I still remember the day I got my first credit card. I had just gotten a new job and I needed a bank account to pay my salary in. As I opened the account, the clerk gave me the additional option of a a credit card. I wasn’t sure how it worked exactly, but I was really excited about not having to pay for the stuff I would buy for up to 50 days! For free!
I have always been very credit averse and the only time I haven’t paid my credit card balance in full at the end of the month, was when I took advantage of 0% balance transfers and the money was earning me interest somewhere else.
On the other hand, credit cards can be dangerous to your financial health as some carry a very high interest rate if you can’t pay your balance off each month. It doesn’t seem like much, 2% every month or so, but it amounts to 20%+ per year! For every £100 you borrow, you end up repaying £120. That’s a lot of money you could put to much better use.
Am I ready to go and get my first credit card?
YES – You should absolutely get your first card in order to simplify your finances. Having a card puts all your expenses under one roof, you have one payment to make at the end of the month, and that’s it. Plus, you can usually sync the card with budgeting software that will compile your transactions and track your spending.
Having a first credit card will also help you build your credit, which is very important and will get you better mortgage rates the day you decide to buy a house. A 0.25% difference on a mortgage rate can end up costing you thousands of pounds over the life of the loan.
Having a credit card can also help you earn miles and rewards, or even cashback on your purchases. There are a lot of websites that will help you pick the best credit card for you based on your spending habits. Sometimes, it is worth paying a membership for the card in order to get free travel insurance or breakdown cover, but most people will be happy with just a cashback card.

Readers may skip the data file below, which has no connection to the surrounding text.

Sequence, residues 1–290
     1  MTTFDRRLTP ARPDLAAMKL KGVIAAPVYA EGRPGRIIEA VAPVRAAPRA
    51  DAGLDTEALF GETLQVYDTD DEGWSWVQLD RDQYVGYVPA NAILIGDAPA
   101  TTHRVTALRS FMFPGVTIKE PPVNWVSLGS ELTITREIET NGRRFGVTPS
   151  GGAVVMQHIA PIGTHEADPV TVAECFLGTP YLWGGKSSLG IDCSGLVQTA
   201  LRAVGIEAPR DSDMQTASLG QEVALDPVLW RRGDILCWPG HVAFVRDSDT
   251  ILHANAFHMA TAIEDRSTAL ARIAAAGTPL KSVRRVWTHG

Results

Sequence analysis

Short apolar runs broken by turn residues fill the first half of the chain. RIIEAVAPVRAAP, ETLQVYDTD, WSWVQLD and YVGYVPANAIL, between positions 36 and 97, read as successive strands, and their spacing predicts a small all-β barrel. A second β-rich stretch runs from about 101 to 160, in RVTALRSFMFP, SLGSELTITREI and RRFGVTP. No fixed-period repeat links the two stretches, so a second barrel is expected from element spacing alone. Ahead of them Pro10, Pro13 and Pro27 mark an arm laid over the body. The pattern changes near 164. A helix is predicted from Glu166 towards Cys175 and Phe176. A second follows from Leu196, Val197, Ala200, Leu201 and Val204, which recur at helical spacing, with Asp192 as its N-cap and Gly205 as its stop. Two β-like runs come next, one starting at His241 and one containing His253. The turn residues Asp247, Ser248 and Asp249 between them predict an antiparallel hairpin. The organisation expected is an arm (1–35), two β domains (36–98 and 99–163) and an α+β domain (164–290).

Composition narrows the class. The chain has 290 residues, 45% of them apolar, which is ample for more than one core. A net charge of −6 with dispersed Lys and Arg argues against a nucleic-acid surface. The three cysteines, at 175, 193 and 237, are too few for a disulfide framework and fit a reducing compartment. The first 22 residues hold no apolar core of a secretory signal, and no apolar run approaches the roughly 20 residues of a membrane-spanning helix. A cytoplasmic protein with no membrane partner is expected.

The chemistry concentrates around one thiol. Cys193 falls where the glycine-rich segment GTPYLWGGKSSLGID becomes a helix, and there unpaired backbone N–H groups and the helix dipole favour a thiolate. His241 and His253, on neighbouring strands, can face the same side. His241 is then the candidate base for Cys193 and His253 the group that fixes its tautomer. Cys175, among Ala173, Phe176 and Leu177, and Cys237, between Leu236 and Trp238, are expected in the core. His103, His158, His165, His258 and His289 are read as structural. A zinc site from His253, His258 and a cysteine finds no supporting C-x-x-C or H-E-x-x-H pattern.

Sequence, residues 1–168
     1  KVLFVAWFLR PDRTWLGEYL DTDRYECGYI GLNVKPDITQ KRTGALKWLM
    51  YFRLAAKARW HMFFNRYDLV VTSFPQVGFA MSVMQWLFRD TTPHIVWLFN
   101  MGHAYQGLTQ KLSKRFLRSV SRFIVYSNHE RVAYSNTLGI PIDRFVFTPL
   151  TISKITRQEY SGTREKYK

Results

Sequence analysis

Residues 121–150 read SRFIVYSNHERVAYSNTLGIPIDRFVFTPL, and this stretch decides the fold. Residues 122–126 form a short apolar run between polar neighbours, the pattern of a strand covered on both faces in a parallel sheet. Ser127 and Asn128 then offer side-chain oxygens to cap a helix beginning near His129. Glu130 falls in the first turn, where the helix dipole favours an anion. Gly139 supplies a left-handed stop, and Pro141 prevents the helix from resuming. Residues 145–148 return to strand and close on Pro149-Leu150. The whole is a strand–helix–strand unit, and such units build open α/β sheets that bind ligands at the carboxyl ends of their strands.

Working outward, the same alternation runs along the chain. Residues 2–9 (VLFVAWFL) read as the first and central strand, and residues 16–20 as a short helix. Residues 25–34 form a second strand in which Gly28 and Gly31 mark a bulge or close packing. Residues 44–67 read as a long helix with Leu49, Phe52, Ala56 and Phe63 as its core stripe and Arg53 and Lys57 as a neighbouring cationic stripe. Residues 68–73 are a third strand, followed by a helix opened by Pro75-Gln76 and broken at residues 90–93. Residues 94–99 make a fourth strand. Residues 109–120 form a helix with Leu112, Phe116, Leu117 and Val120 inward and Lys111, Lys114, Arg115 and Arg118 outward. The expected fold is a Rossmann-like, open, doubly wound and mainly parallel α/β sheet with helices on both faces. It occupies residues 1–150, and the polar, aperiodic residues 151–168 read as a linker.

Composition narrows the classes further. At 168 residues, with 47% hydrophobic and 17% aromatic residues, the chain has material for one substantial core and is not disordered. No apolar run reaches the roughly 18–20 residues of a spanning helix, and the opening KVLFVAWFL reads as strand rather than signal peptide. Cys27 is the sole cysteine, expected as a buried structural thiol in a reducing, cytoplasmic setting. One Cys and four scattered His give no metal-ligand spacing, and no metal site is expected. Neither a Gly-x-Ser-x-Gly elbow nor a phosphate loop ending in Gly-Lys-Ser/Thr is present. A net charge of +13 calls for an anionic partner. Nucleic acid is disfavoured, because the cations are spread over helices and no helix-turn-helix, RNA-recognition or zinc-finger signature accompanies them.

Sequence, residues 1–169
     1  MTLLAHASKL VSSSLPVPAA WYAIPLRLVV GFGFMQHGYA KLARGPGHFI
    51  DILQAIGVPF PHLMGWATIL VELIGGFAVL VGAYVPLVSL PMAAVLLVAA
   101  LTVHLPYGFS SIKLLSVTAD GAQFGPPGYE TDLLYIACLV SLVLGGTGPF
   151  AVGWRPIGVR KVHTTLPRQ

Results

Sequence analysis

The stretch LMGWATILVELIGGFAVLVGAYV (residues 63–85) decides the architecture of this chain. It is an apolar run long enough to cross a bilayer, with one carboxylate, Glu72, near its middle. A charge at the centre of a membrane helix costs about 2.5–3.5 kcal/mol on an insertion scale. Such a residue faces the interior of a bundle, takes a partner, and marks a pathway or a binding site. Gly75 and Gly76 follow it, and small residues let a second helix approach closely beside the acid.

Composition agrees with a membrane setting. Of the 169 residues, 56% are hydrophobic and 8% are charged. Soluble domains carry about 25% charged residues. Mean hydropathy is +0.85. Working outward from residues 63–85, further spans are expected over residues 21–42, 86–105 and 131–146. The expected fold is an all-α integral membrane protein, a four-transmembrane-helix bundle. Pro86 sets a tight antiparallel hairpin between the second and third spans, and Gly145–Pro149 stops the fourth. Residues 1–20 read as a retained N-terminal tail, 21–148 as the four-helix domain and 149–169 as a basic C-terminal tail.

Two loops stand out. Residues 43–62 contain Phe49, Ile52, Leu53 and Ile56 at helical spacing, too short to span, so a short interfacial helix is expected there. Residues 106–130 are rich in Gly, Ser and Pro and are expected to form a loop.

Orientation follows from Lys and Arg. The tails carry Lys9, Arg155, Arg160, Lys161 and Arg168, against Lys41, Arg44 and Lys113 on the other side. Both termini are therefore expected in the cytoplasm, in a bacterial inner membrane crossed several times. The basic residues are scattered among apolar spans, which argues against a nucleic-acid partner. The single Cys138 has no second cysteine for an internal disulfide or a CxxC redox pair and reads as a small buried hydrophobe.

NO – I just talked about how building your credit is very important for young adults, but being irresponsible with credit can damage your finances even more. The last thing you want is to overdo it with a credit card, which could ruin your credit for years.
You shouldn’t get a card until you are confident in your repayment abilities. That means you have a job, or a scholarship, or any other source of income that allows you to pay your balance off every month. Start with a card with a small balance and have a direct debit set up to pay the balance automatically, to avoid late fees and bad credit.
Credit cards are great. They make your life so much easier, and, if used properly, you can even get rewards and save a bit of money. But before you get your first credit card, make sure you understand all the implications.
It makes sense to have a thorough understanding of the status of your finances and what options are available to you, before you apply for any kind of borrowing. Make use of price comparison sites, such as Choose Wisely, for information on your own eligibility when it comes to credit cards, loans, bank account and prepaid cards.